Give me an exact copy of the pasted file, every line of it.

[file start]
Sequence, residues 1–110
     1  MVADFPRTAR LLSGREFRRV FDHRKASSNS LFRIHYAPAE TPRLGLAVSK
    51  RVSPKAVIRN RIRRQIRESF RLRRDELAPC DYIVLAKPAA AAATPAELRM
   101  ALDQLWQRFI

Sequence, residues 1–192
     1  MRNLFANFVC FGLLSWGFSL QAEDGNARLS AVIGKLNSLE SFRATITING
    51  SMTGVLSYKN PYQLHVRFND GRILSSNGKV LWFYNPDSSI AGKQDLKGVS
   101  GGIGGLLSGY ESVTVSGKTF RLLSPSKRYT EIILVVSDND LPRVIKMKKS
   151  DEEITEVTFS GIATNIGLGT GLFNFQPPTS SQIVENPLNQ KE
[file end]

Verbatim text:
Sequence, residues 1–110
     1  MVADFPRTAR LLSGREFRRV FDHRKASSNS LFRIHYAPAE TPRLGLAVSK
    51  RVSPKAVIRN RIRRQIRESF RLRRDELAPC DYIVLAKPAA AAATPAELRM
   101  ALDQLWQRFI

Sequence, residues 1–192
     1  MRNLFANFVC FGLLSWGFSL QAEDGNARLS AVIGKLNSLE SFRATITING
    51  SMTGVLSYKN PYQLHVRFND GRILSSNGKV LWFYNPDSSI AGKQDLKGVS
   101  GGIGGLLSGY ESVTVSGKTF RLLSPSKRYT EIILVVSDND LPRVIKMKKS
   151  DEEITEVTFS GIATNIGLGT GLFNFQPPTS SQIVENPLNQ KE